The Impact of Strategic Defaults


The Wall Street Journal reported that commercial property owners are intentionally defaulting on mortgages. Companies of various sizes have chosen to utilize “strategic defaults” on properties where the value of their property has plummeted to levels far lower than their outstanding debt. The total value of these defaults has already reached billions of dollars. As a side note, many of the defaulting owners are being “rewarded” in the public markets because the strategic defaults allows the company to direct money toward shareholders or into other more profitable projects. There are many ethical and business questions surrounding this topic. While we feel that there is a slippery slope that companies often step onto with the intentional breach of a contract, that discussion is outside the scope of this article. (Feel free to discuss by posting your comments on the topic though!) The question we are interested in is how do strategic defaults, particularly in multi-tenant office towers and large shopping centers, affect the tenants?

Let us relay a first hand experience. One of our national corporate clients has been a long time tenant in 2600 Michaelson in Irvine, CA. For years this property had been the trophy of Maguire (MPG) an LA based Real Estate Investment Trust (REIT). For several months we assisted our client in negotiations and space planning to reduce the square footage they occupied, improve the space with additional build-out and also drop the per square footage price significantly.

After the lease was reviewed and prepared for signature, Maguire announced that they would be turning the building over to its lenders among whom were Bank of America and a large group of CMBS holders. Once this change of active ownership occurred, there was an extended period of time where the new special servicers would not fund the tenant improvements or permit our client to downsize…in their opinion, we had agreed to those terms with a different owner. We were able to quickly coordinate the acceptance of the terms by the new owners and lobby for improvement work to begin on time; we helped our client avoid the pain of the ownership transition, however, in many situations the transition is neither seamless nor painless for corporate tenants. A strategic default is usually the last action for an owner, however, it is not uncommon for a struggling property owner to have exhausted their cash reserves months or years before the default. This means the owner cannot afford to provide promised Tenant Improvements or to properly maintain the property and common areas. The result is that the new lease that you have signed binds your company to a deteriorating space.  When it comes to your facilities and locations, the only thing worse than your company running out of money is your landlord running out of money.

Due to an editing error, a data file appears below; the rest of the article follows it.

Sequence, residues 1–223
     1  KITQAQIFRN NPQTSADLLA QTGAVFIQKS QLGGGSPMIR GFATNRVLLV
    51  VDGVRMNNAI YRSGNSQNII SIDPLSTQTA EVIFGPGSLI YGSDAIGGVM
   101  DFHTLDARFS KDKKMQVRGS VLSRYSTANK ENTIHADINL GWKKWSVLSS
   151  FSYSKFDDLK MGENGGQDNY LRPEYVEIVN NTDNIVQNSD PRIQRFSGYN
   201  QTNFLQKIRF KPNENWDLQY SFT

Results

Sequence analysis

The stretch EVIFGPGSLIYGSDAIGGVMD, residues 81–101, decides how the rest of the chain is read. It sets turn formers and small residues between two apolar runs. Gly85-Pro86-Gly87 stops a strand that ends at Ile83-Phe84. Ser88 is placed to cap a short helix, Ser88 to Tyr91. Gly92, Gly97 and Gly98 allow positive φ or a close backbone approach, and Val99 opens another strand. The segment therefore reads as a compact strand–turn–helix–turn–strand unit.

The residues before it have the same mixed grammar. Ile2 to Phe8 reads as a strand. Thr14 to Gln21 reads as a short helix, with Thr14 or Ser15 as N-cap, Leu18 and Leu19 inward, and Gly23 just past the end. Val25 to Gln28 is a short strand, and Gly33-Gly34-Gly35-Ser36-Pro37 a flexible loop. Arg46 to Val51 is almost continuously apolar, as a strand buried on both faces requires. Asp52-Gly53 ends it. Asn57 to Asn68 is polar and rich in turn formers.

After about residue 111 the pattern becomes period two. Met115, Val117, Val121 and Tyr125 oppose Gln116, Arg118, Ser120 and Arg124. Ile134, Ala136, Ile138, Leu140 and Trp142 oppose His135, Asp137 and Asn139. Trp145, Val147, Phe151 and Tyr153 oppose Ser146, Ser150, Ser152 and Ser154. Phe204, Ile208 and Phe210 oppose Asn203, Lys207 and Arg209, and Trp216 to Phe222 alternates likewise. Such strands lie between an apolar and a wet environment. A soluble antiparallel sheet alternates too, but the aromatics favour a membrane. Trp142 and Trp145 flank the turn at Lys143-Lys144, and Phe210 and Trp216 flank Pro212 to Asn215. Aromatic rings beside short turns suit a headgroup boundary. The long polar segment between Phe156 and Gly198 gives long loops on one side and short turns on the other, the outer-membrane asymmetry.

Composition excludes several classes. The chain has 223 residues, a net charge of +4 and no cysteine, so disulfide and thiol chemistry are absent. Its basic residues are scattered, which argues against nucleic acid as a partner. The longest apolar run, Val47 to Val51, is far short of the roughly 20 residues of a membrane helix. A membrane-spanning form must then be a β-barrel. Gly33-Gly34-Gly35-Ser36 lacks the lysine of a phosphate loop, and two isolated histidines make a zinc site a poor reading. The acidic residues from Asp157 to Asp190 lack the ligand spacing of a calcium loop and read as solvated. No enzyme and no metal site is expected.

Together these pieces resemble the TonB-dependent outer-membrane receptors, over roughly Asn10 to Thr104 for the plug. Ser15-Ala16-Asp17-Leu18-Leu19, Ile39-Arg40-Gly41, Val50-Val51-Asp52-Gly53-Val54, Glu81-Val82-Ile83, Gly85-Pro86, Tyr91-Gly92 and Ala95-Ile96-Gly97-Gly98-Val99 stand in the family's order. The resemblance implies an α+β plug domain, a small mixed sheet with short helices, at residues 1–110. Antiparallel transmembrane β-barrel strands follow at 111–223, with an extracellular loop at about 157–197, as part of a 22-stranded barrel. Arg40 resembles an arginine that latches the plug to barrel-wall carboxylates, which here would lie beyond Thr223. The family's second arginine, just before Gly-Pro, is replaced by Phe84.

What can be done:

1)   Regardless of whether you are considering a new lease or signing a renewal, we recommend that you review the financial statements of the building owner as well as their levels of debt and equity in the property. As a commercial tenant you may be accustomed to providing your financial statements to prove that you are credit worthy and will uphold your end of a lease contract. Why should a landlord be exempt from the same type of analysis?

2)   The distress amongst property owners brings a unique opportunity for large tenants who may consider purchasing their corporate headquarters or any space they plan to occupy for more than ten years. With new accounting standards in the pipeline  leases will soon be accounted as long term liabilities (and accordingly show up on a balance sheet). While private investors are hesitant to purchase new properties because of the risk of rising vacancy rates, a business that occupies a space it owns has mitigated its vacancy risk and can sometimes capitalize on the current fear and opportunity in the markets. This may be particularly appealing to businesses with plans to have a consistent headquarters presence in one area—Of course, many municipalities are offering incredible economic incentives to corporations that will relocate their headquarters.

Author: Liam Murphy

Liam Murphy is a partner at Hayes Commercial Real Estate and supports many national clients in their commercial real estate needs. He holds the distinguished Certified Commercial Investment Member (CCIM) designation as a recognized expert in the disciplines of commercial and investment real estate. Less than 6 percent of the commercial real estate practitioners nationwide have earned the CCIM designation.

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